35. The computer-implemented poker apparatus as in claim 34, wherein the display device displays a plurality of selectable starting hands of cards, and the apparatus further comprises a user interface configured to allow the participant to select the starting hand from the plurality of selectable starting hands.
36. The computer-implemented poker apparatus as in claim 34, further comprising a video poker housing to collectively accommodate the display device and the processing system, whereby the computer-implemented poker apparatus is presented as a self-contained video poker machine.
37. The computer-implemented poker apparatus as in claim 34, further comprising a memory to store a plurality of potential starting hands, and wherein the processing system is configured to select one of the potential starting hands as the starting hand to display on the display device.
38. The computer-implemented poker apparatus as in claim 37, wherein each of the plurality of potential starting hands include a like number of cards associated therewith.
39. The computer-implemented poker apparatus as in claim 37, wherein at least some of the plurality of potential starting hands include different numbers of cards associated therewith.
40. A computer-implemented poker apparatus for allowing a game participant to concurrently play a plurality of communal-card poker games, the poker apparatus comprising:
means for displaying a starting hand of cards, wherein the starting hand represents a potential subset of a resulting poker hand;
means for displaying a plurality of multi-card flops, wherein each of the multi-card flops displayed corresponds to one of the concurrently-played poker games;
means for deriving a plurality of participant resulting poker hands, one for each combination of the participant's starting hand and the plurality of multi-card flops; and
means for comparing the participant resulting poker hands to a pay table to determine a payout.
41. The computer-implemented poker apparatus as in claim 40, further comprising means for displaying a plurality of selectable starting hands of cards and means for allowing the participant to select the starting hand from the plurality of selectable starting hands.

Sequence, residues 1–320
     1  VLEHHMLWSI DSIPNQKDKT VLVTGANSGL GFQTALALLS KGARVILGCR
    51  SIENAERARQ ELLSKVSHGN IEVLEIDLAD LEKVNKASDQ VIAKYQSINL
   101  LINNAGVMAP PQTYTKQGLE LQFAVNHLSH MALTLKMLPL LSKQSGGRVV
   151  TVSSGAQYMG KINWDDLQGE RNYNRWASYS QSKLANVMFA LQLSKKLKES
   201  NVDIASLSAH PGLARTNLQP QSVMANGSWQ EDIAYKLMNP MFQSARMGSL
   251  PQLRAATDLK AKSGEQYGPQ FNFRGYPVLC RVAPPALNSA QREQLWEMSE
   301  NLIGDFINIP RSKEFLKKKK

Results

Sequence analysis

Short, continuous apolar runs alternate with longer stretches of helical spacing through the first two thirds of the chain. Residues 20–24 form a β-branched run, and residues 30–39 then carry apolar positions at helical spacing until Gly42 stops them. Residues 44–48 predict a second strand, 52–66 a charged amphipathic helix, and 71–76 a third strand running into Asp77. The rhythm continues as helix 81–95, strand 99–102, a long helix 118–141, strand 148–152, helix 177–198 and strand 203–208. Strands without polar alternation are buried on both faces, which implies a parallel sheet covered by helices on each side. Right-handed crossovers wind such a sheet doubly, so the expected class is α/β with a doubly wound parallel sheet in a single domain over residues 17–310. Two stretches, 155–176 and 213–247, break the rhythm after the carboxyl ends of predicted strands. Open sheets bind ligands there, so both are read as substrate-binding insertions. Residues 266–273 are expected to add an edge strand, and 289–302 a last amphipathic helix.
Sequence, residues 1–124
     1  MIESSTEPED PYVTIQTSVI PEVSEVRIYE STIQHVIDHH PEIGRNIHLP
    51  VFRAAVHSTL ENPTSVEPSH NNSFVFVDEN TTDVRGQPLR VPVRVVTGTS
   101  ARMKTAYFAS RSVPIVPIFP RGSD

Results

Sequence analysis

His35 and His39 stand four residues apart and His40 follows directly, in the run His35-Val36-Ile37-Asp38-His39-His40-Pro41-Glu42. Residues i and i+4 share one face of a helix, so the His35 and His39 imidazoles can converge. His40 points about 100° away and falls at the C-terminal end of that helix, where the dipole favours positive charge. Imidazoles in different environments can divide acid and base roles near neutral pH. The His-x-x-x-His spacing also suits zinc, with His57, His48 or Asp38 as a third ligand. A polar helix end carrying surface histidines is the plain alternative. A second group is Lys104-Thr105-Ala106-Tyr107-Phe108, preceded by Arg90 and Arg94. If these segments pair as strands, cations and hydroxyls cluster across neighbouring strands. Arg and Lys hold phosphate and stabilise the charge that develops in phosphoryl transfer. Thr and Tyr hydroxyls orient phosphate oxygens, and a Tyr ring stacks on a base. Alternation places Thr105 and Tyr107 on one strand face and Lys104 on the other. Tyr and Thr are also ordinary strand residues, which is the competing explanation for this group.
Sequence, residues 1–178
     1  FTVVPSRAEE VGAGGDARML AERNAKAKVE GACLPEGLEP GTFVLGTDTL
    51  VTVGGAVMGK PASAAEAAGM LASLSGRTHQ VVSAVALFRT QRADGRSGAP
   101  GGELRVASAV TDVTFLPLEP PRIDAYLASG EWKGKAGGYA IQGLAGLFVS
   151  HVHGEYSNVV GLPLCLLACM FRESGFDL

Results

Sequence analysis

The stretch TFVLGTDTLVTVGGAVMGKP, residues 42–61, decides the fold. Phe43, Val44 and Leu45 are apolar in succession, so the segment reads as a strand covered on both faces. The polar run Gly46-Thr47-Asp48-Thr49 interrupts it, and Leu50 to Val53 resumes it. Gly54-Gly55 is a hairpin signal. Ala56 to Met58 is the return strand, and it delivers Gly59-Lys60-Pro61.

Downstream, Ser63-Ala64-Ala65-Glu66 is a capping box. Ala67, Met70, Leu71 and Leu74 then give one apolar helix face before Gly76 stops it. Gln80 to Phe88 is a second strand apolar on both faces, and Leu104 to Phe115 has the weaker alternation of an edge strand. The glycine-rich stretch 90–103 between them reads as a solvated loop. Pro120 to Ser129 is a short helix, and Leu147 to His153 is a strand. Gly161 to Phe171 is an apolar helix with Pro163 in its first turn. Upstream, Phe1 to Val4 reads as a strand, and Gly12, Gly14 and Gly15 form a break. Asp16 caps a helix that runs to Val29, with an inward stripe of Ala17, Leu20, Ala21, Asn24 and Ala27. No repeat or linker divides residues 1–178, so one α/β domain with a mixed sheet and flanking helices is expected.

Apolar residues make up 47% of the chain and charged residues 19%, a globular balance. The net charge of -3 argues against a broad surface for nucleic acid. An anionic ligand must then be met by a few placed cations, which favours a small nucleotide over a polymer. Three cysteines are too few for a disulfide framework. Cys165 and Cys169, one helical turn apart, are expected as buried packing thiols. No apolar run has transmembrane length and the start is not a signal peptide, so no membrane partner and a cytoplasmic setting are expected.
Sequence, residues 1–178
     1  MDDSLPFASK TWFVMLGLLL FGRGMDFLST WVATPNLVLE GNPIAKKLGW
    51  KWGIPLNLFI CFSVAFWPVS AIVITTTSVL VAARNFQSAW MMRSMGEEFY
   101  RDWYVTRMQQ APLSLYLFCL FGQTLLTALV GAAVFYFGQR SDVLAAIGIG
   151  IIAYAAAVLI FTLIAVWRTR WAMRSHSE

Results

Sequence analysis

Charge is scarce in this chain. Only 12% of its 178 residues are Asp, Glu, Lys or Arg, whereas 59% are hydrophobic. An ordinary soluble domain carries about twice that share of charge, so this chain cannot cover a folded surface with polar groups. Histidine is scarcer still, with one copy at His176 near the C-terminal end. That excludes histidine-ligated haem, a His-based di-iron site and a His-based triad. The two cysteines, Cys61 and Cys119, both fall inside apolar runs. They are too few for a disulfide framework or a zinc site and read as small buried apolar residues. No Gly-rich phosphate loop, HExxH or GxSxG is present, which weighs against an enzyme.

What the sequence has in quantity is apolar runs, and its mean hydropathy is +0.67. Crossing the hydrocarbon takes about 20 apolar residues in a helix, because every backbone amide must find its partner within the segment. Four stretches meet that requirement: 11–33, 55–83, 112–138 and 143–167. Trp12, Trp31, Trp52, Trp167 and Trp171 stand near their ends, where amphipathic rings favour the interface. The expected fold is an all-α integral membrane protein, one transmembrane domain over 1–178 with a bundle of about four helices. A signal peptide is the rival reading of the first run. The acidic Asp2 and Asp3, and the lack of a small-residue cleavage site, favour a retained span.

42. The computer-implemented poker apparatus as in claim 40, wherein the means for deriving a plurality of participant resulting poker hands comprises means for determining a highest poker rank available for a predetermined number of total cards associated with each combination of the participant's selected starting hand and each of the multi-card flops.
43. The computer-implemented poker apparatus as in claim 40, further comprising means for placing a wager for each of the concurrently-played poker games.
44. The computer-implemented poker apparatus as in claim 40, further comprising means for providing the payout to the participant.
45. A computer-readable medium having instructions stored thereon which are executable by a computer system for electronically facilitating concurrent play of multiple communal-card poker games by a participant by performing steps comprising:
displaying a plurality of selectable starting hands of cards on a display device, wherein each of the selectable starting hands represents a potential subset of a resulting poker hand;
allowing the participant to select one of the plurality of selectable starting hands via a user interface;
displaying a plurality of multi-card flops on the display device, wherein each of the multi-card flops displayed corresponds to one of a plurality of concurrently-played poker games;
deriving a plurality of participant resulting poker hands, one for each combination of the participant's selected starting hand and the plurality of multi-card flops; and
comparing the participant resulting poker hands to a pay table on a per-poker game basis to determine a payout for each of the resulting poker hands.
46. A computer-readable medium having instructions stored thereon which are executable by a computer system for electronically facilitating concurrent play of multiple communal-card poker games by a participant by performing steps comprising:
presenting the participant with a starting hand of cards, wherein the starting hand represents a potential subset of one or more resulting poker hands;
displaying a plurality of multi-card flops on the display device, wherein each of the multi-card flops displayed corresponds to one of a plurality of concurrently-played poker games;
deriving a plurality of participant resulting poker hands, one for each combination of the participant's starting hand and the plurality of multi-card flops; and
comparing the participant resulting poker hands to a pay table on a per-poker game basis to determine a payout for each of the resulting poker hands.
Description

[0001] This is a continuation-in-part of application Ser. No. 09/597,919, filed May 26, 2000, and is incorporated herein by reference in its entirety.

FIELD OF THE INVENTION

[0002] This invention relates generally to games, and more particularly to a system and method for concurrently playing a plurality of poker games utilizing starting hands and communal card flops.

BACKGROUND OF THE INVENTION